Refrigerator Repair and Care Refrigerator Repair and Care
Locate refrigerators away from heat sources like your range, a radiator, or a sunny window.
Never run frost-free refrigerators with freezer compartments in unheated areas with air temperature below 60 degrees F unless they are specially designed for such conditions. When the air temperature goes below 60 F, the compressor runs less, keeping temperatures in the refrigerator compartment cold enough for fresh food but not cold enough in the freezer compartment to keep food quality there. At air temperatures below 40 F, the compressor stops running, so the freezer compartment rises to air temperature and food thaws and spoils. Also below 32 F, water melted during the automatic defrost cycle may freeze again and block air passages.
For seasonal homes with heat left on at very low temperatures, or long winter vacations with heat turned down in home, remove all food, unplug the refrigerator, clean thoroughly, dry, and leave door ajar so air can circulate. Be sure no child can get into empty refrigerator in your absence and become trapped! If you can't use up food, give it away or throw it away; food that spoils in a refrigerator can create odors that may require discarding the refrigerator!
For short vacations, leave the refrigerator on but use up or discard perishable food, and if you have an ice maker, turn off the mechanism and water line following your manual directions.
If you have a chilled water dispenser, and room temperatures may go below freezing (as in moving, winter trip) shut off water and drain the water tank following the directions in your appliance manual.
Do not cram the refrigerator so full that cold air can't circulate freely to chill food. Cover or wrap all foods stored, especially in frost-free models, to prevent drying out, and transfer of odors.
In models that need defrosting, do not use electric defrosters or other hot objects where they can touch plastic liners or parts; they could melt. Always unplug the refrigerator before defrosting. Never use sharp objects which could damage the evaporator coils.
Clean the refrigerator compartment regularly, even though it does not require defrosting. Turn it off and unplug. Remove all food and removable interior parts. Wash with a solution of 1-2 tablespoons baking soda in 1 quart warm water. Rinse and wipe dry. Wash removable glass shelves and plastic parts in warm detergent solution, rinse and wipe dry. Do not put either glass or plastic in hot water; they may crack, especially if cold. Clean the door gasket with detergent solution; rinse and dry.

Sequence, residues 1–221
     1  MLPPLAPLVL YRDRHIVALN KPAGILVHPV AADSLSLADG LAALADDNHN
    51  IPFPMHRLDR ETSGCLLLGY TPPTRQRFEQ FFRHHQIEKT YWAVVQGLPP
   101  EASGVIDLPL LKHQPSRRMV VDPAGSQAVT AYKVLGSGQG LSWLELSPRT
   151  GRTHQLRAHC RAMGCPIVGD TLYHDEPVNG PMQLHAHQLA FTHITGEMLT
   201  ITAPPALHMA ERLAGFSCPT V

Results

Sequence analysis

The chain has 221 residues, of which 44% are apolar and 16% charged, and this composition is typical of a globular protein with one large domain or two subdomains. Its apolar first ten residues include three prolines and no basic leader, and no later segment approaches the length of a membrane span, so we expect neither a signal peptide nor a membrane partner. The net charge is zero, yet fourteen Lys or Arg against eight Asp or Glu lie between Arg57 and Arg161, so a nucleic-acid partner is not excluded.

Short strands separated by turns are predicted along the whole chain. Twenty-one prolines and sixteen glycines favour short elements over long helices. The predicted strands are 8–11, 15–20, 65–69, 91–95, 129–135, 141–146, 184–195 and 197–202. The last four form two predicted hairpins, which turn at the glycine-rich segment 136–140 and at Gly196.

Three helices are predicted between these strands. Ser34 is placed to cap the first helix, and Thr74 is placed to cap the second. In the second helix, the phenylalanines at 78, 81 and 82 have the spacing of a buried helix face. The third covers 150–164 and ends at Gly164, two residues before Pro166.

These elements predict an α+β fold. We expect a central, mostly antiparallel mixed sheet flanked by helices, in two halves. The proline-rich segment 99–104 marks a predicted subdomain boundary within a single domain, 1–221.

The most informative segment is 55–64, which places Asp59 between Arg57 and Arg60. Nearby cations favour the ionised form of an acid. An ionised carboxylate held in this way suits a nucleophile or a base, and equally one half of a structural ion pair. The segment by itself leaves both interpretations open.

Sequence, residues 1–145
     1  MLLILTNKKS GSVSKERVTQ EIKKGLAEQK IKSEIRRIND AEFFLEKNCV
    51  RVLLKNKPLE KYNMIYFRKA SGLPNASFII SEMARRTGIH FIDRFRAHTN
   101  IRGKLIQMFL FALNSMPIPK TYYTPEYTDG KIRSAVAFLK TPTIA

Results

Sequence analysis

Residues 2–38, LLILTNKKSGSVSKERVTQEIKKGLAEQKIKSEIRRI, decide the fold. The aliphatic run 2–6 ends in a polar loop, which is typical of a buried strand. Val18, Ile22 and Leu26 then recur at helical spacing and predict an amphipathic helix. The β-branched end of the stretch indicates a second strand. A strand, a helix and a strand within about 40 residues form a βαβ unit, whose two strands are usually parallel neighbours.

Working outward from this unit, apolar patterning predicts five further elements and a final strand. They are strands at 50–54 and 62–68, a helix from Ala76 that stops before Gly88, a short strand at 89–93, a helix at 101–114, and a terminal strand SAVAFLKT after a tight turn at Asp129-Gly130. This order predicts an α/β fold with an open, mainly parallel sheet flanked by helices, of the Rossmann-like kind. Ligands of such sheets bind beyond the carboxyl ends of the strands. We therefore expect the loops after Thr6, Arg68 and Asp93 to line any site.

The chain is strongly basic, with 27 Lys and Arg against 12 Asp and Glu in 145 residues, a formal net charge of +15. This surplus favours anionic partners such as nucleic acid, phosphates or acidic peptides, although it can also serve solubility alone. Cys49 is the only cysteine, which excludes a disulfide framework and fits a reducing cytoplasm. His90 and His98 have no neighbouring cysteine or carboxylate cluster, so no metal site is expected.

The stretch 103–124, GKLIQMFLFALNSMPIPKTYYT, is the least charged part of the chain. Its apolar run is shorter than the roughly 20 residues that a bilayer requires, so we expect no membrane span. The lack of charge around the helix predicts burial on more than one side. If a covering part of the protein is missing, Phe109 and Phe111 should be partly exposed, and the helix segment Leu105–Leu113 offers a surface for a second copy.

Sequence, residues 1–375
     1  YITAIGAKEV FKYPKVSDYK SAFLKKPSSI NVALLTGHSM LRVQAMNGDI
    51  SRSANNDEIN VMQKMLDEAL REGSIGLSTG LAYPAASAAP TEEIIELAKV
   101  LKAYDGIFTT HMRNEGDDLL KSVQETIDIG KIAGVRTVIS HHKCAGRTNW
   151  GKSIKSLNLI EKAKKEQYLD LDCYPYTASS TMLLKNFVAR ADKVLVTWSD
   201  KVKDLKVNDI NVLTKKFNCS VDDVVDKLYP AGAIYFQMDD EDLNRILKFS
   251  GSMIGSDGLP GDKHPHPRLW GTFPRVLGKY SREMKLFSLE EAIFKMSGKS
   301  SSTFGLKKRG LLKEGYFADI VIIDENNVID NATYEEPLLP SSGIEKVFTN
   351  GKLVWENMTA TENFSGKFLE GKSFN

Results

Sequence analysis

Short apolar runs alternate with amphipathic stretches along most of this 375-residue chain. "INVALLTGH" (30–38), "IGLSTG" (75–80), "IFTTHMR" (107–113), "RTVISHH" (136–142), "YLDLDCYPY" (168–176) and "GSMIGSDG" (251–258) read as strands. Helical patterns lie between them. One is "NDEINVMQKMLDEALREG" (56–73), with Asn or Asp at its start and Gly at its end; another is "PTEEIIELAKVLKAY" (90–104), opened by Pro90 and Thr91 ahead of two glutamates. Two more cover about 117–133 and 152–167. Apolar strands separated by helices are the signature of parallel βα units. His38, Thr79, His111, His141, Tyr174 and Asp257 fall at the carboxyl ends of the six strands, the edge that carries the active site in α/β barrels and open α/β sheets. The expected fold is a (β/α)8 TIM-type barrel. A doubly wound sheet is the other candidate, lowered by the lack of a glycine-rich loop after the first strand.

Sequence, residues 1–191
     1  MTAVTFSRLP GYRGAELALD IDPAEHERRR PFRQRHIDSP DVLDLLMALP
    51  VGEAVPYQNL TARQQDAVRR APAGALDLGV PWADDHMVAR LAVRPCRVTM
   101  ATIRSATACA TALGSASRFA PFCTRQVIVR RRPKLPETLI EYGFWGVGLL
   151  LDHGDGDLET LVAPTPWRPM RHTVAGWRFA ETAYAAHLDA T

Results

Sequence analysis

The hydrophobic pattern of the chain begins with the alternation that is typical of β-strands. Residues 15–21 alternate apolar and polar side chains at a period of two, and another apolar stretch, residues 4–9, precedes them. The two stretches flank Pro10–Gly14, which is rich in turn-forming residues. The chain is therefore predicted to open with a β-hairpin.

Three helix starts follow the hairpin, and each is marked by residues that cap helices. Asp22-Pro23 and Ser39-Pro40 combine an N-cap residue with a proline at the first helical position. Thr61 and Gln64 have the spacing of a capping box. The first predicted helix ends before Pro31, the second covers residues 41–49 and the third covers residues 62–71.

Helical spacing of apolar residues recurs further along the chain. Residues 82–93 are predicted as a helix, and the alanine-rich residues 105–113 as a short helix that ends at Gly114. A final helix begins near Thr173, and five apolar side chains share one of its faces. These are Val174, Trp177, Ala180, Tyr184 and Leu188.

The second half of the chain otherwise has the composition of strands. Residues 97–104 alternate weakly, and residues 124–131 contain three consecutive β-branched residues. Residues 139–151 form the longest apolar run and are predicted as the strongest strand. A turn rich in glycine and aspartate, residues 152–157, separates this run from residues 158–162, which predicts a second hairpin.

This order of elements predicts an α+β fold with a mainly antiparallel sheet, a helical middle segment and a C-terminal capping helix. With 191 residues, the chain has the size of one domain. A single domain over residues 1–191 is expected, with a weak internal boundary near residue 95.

Occasionally clean the freezer compartment following manual instructions.
Wash the exterior of the cabinet with detergent solution; rinse and dry. A creamy appliance wax may be used occasionally to protect the painted exterior and make spots easier to wipe off.
Wipe up spills in the refrigerator promptly to avoid staining and odors.
Several of the plastics used for interior parts of the refrigerator are easily stained by berries, fruits, and other colored foods and absorb and retain odors. So tightly wrap or cover stored foods and remove "old" foods before they spoil.
These plastics may soften at high temperatures, so never put boiling or hot water in them. They may be damaged by various household chemicals, so never use cleaning waxes, spray-on cleaners, or concentrated chlorine bleach on them. Follow your manual directions for cleaning the different plastic drawers, shelves, etc. If you do not have a manual, be safe by using a mild detergent (a hand dish washing liquid) and lukewarm water solution, or a baking soda and water solution for cleaning. NEVER use abrasives like scouring powder or scouring pads, as these plastics are easily scratched.
Occasionally vacuum (or brush) dust from condenser, usually under the front bottom grille (see manual for location and directions). Also at the same time, wash the plastic pan which collects water from automatic defrosting and replace it in the same location.
Unpleasant odors develop either from improper storage of food or from spoilage. See our Refrigerator Odor FAQ.
This article has been contributed in part by Michigan State University Extension.
If looking to purchase a refrigerator, check out our Refrigerators Buyer's Guide.